Vantage Point: One Size Does Not Fit All
Thinking outside the box, literally, will help sell more tickets
When you think about potential ticket buyers, what’s your perspective? Are you standing inside your venue looking out at them? Or are you standing out there with them, looking at your organization from their point of view?
This is the thinking at the heart of market positioning—how we want our business to be perceived. With the data we can now access through Customer Relationship Management (CRM), we are able to think less about “selling” than “helping people buy.” As such, we need to re-think what we communicate, to whom, and on what devices.
Virtual is real
It’s important to note that tablet ownership is about half of that of smartphones in 3 years!
It is a moot question as to how “virtual” marketing and sales for the performing arts has become. You may be maintaining traditional print and advertising channels, which are important for communicating brand values. But the data suggests that most customers now rely on smartphones and tablets for your emails, social media, interactions with your venue and, indeed, for ticket purchases.
US smartphone ownership has increased 25% to 143 million and tablet ownership has increased 55% to 71 million.
So how much should this change the way we do business with our customers? For a start, we have to get the “form” factors right. Exactly what device are they using and what are the screen size and shape?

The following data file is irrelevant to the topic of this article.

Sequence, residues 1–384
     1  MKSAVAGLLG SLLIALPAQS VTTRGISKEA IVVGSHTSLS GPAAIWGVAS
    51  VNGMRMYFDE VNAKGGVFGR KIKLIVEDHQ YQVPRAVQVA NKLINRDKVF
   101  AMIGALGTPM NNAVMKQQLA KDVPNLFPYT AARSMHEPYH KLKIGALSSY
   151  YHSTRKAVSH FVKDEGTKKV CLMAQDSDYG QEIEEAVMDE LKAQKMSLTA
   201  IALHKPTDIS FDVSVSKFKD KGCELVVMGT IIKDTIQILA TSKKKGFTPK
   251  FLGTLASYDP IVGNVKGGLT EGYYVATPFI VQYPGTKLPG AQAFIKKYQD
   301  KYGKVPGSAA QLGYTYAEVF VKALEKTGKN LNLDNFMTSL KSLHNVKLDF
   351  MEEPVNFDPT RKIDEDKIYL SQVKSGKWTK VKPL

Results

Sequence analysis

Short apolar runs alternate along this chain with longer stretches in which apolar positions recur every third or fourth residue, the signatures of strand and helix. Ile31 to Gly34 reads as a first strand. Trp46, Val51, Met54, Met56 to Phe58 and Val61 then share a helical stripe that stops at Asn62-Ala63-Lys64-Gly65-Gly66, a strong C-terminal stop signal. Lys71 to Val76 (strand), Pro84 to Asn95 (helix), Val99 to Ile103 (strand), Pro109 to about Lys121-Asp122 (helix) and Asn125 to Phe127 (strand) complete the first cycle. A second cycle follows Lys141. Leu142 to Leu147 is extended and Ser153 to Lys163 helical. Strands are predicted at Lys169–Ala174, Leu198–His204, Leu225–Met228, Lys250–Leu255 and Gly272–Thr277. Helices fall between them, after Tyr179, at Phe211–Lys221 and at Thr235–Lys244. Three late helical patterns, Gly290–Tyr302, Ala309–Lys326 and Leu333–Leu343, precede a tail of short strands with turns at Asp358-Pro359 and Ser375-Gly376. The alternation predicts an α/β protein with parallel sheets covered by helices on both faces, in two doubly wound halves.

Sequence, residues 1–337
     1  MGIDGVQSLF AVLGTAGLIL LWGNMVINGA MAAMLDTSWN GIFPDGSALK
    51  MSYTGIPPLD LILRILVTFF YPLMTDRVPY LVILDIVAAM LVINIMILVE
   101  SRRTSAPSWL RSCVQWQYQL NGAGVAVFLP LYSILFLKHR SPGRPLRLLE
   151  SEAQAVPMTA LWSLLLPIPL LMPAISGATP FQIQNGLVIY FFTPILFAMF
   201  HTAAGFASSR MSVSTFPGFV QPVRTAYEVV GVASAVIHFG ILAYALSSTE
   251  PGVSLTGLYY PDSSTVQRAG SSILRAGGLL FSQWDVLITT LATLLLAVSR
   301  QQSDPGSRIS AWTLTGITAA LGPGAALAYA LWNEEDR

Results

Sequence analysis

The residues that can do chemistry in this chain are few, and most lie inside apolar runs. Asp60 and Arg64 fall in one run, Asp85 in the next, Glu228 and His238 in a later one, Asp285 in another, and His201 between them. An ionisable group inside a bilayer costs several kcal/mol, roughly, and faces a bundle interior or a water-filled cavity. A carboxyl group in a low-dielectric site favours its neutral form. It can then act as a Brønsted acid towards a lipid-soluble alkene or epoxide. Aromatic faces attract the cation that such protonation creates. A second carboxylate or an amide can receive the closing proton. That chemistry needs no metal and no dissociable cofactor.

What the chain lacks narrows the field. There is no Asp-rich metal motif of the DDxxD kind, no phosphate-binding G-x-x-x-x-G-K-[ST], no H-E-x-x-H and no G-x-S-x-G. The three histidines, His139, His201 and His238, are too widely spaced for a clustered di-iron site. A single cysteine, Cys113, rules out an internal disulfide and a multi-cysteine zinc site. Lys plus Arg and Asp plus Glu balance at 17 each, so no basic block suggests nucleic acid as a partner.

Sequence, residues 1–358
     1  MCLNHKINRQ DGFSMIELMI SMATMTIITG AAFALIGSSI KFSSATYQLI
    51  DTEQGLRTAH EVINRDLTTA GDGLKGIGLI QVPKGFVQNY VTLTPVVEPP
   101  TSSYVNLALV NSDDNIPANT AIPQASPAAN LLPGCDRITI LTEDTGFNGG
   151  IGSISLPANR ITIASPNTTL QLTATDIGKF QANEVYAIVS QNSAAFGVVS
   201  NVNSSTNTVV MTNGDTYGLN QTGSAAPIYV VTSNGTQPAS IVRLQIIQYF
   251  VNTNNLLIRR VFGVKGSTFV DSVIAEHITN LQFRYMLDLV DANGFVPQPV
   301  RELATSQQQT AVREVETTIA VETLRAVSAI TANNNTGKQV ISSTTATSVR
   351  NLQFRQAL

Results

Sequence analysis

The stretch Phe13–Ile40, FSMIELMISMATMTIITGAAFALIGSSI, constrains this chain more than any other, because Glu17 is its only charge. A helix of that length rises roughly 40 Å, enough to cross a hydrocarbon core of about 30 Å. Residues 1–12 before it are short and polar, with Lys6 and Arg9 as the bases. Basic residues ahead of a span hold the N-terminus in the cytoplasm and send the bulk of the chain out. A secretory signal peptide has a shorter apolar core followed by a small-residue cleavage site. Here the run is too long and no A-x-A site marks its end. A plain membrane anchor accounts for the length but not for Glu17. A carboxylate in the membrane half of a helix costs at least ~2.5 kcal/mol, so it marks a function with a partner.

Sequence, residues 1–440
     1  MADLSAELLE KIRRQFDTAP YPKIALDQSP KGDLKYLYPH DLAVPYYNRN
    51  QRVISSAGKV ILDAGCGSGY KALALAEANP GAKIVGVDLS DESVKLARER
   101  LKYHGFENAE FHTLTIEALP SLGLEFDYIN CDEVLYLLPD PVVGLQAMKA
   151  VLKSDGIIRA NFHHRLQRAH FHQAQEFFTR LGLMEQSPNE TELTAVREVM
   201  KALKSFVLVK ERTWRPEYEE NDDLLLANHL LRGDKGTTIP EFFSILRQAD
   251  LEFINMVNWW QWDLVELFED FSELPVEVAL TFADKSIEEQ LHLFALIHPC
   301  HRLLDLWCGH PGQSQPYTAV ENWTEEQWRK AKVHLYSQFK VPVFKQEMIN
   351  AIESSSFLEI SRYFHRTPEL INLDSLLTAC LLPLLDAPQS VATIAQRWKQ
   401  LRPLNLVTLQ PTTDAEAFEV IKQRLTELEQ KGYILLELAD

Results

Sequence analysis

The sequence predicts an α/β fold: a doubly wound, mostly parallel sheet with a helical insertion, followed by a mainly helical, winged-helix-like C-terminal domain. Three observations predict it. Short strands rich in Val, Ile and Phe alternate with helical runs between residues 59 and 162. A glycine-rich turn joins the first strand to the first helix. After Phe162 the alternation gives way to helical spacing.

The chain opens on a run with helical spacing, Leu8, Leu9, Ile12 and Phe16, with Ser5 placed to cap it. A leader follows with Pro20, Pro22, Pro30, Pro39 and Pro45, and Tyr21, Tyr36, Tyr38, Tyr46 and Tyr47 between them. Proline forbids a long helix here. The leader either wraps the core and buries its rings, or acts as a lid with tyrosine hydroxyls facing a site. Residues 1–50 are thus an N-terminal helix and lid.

Note: Internet Browsers can recognize form factors; some operating systems are now restricting views to specific formats, e.g. only portrait on larger screens; the display of key information and importantly, navigation, needs to be optimized to the form.
Embed the pitch
After “form” comes content, itself relevant to the recipient and the device. Have we just e-mailed a customer about a particular event with a deep link in the message that identified them, so when they clicked through they were recognized and their data input hugely reduced? Or did they click through from somewhere else—a Facebook post? A tweet? An ad on Google? Are they a newcomer or a returning customer? If the former, we can begin to capture their data for our “database of truth.” If the latter, “cookies” might recognize the retuning smartphone or tablet once the customer name is entered and confirmed. It certainly works for Amazon.
Make a purchase, get a gold ring
Thanks to CRM, once a purchase is made, we can now know who the customer his, his past purchases, whether he is a single-ticket buyer or a subscriber, how many tickets he buys for friends or family, what kinds of tickets he buys, whether he is a donor, a sponsor, a volunteer, etc. In advertising and software development, they talk about this as putting a “code halo” around a customer.
We can use that halo every step of the way, targeting our messages based on their personal profile, thanking them for their last donation, giving them special repeat-purchase or subscriber offers—matching our messages to their motivations.
We can also seek their feedback as we help them buy, canvas their opinions, always ensuring that they pay by the most convenient method—ideally one-click—and that they get their tickets in a way easiest for them. Which begs the question, are our customer-service procedures designed for our convenience or theirs? In our messaging, are we email blasting to the broadest possible base, or taking the time to target our communiques to individuals or groups with specific needs and interests?
This is a lot to rethink but, thanks to technology, consumers have already made the leap into this new environment. It’s time to catch up.
Roger Tomlinson is a London-based management and marketing consultant, working in the arts and entertainment sectors. An expert on integrated solutions and developing online technologies for ticketing and marketing, he has authored several books including Full House: Turning Data Into Audiences and Boxing Clever, Developing and Managing a Website. He also produces the The Ticketing Institute information web site.